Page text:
Consumers are defying inflation and entering a new experience dimension
How are consumers making purchases today? What about tomorrow and beyond? And why? «PwC’s Global Consumer Insights Pulse Survey» focuses on these issues. In the latest edition in spring 2022, PwC surveyed 9,069 consumers in 25 countries, of whom 2,157 were in Western Europe (Germany, France, Ireland and Spain). The survey indicates that a company’s commitment to sustainability strengthens brand loyalty. What’s more, private consumption is defying inflation. And with the metaverse, this has entered a new experience dimension.
The protection of personal data was stated as the number one trust factor by 57% of all survey respondents. This figure might be due to increased awareness as a result of the recently publicised cases of misuse. Other decisive factors regarding brand confidence and willingness to recommend to others are environmental, social and governance aspects (ESG). The factors dominating the purchase decision are social (Western Europe: 35%, global: 40%) and governance (Western Europe: 34%, global: 41%), compared with environmental commitment (Western Europe: 22%, global: 30%). What’s more, two-thirds of those surveyed in Western Europe stated that they are prepared to spend more on regional products if this means they can support their local economy.
For Generation Z and young millennials, ESG factors carry greater weight than for Generation X and Baby Boomers. With Generation Z, a group of consumers has emerged who are open-minded to ESG topics and are forcing suppliers to become more sustainable.
“Aspects like ‘Fair Trade’, ‘free of child labour’, ‘good working conditions and fair wages’, ‘recycled materials’, ‘organic quality’ and ‘regionally produced’ are becoming more important. Just as important are approaches where companies promise to invest a portion of their profits in good causes.”
As a result of the pandemic, consumers have made huge changes to their lifestyles and their buying habits. 50% state that they are already buying more online. Western Europe is still lagging slightly behind the global trend in this respect (63%). In-store shopping is still popular here, with only 33% stating that they purchase from physical stores less often (global: 42%).
Nevertheless, one-third of survey participants anticipate that they will buy more online in future (global: 50%). This assumption is most prevalent among Generation Z (45%), followed by young millennials and core millennials in Western Europe.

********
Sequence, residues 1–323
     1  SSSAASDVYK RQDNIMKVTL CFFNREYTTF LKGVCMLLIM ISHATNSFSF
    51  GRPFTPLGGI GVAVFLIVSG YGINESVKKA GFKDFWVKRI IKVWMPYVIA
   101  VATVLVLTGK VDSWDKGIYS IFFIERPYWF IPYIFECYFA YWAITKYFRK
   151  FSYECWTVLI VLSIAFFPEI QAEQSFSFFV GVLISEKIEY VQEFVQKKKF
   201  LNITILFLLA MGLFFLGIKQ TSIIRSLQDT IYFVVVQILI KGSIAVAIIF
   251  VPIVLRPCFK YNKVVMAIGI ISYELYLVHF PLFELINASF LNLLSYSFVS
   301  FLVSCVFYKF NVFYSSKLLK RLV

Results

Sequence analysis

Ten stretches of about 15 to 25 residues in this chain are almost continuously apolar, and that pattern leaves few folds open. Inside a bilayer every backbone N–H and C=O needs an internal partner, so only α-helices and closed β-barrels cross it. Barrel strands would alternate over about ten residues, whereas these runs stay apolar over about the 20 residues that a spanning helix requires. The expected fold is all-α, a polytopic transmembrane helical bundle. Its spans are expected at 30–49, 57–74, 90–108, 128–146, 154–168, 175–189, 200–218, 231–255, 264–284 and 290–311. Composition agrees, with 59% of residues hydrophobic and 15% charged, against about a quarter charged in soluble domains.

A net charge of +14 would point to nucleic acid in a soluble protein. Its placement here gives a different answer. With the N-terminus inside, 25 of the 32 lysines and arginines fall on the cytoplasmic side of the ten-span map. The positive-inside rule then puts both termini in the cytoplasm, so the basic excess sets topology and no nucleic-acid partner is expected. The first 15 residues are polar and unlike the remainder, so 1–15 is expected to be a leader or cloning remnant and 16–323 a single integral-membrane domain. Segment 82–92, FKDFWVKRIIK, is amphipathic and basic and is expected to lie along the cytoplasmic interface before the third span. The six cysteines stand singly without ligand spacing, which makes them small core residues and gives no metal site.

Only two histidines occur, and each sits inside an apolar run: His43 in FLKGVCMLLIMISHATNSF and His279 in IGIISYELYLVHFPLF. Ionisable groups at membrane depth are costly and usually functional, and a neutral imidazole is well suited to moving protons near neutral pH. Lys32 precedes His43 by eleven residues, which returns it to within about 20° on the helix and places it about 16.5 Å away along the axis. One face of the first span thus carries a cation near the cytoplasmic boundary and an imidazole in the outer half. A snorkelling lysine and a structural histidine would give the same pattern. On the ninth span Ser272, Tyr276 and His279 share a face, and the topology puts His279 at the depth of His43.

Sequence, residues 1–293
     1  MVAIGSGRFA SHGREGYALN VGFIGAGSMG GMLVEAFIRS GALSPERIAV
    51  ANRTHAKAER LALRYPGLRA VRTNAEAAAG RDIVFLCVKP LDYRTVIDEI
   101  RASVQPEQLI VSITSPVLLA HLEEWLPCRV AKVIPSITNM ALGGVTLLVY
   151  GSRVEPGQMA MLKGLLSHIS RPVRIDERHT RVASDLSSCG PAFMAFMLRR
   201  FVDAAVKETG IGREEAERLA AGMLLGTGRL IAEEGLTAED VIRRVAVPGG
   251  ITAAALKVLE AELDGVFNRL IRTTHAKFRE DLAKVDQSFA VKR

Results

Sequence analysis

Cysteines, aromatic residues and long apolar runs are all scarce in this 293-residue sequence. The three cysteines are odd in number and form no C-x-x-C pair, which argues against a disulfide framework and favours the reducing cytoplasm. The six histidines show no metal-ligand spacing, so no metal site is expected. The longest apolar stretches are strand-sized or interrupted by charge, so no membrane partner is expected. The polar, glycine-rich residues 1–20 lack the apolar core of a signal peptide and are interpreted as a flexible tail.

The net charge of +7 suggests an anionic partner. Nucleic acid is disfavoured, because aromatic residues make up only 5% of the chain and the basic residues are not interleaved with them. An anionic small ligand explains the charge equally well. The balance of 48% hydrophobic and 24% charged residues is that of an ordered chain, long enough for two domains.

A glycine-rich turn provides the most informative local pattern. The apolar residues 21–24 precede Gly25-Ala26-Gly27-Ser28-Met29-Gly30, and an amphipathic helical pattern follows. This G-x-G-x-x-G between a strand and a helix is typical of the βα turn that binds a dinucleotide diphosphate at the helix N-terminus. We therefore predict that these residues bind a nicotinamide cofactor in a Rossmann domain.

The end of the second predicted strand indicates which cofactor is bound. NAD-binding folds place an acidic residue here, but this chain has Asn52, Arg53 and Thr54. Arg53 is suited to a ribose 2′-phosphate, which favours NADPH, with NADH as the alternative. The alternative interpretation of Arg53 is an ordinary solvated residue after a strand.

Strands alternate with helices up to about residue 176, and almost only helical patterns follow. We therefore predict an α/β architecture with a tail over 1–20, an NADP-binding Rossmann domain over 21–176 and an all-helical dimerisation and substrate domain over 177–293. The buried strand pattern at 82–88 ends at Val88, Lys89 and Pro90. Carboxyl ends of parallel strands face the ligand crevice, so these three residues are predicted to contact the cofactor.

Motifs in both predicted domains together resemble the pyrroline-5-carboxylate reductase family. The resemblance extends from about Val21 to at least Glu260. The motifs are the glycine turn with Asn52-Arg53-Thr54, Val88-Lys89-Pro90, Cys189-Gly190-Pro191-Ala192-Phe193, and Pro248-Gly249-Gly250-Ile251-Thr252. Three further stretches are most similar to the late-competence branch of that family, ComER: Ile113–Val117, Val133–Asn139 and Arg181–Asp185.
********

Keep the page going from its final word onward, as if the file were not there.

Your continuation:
43% of study participants have switched to doing activities at home in their spare time since the pandemic, and 31% will continue to do so (global: 50% and 41%).
The metaverse – a virtual universe with virtual reality (VR) and shared 3D spaces – is emerging as a new consumer world. 29% of study participants in Western Europe have used a VR channel to make a purchase in the last 12 months.
6% of VR users said that they have entered a virtual universe in order to watch a concert or visit a retail environment, and a further 6% have bought digital products / non-fungible tokens (NFTs) like avatars, digital art or digital real estate (global: 11% and 10%).
”The pandemic years have accentuated the increased use of digital channels. Although the metaverse is still in its infancy, suppliers will increasingly need to integrate it into their omnichannel presence. After all, customers expect a seamless experience across all channels.”
Rising food prices are the most frequently stated problem for 68% of purchases made in-store and for 56% of online purchases. Over 75% of survey respondents in Western Europe assume that they will consume the same or more in most categories over the next six months despite inflation. However, more than a quarter are planning to limit spending in certain areas like luxury goods (37%), dining out (30%), art/culture/sport (27%) and fashion (26%).
“In the short term, consumer behaviour won’t be too heavily impacted as people built up savings during the pandemic years. But in the medium term, consumption will weaken if wages develop below average compared to inflation”.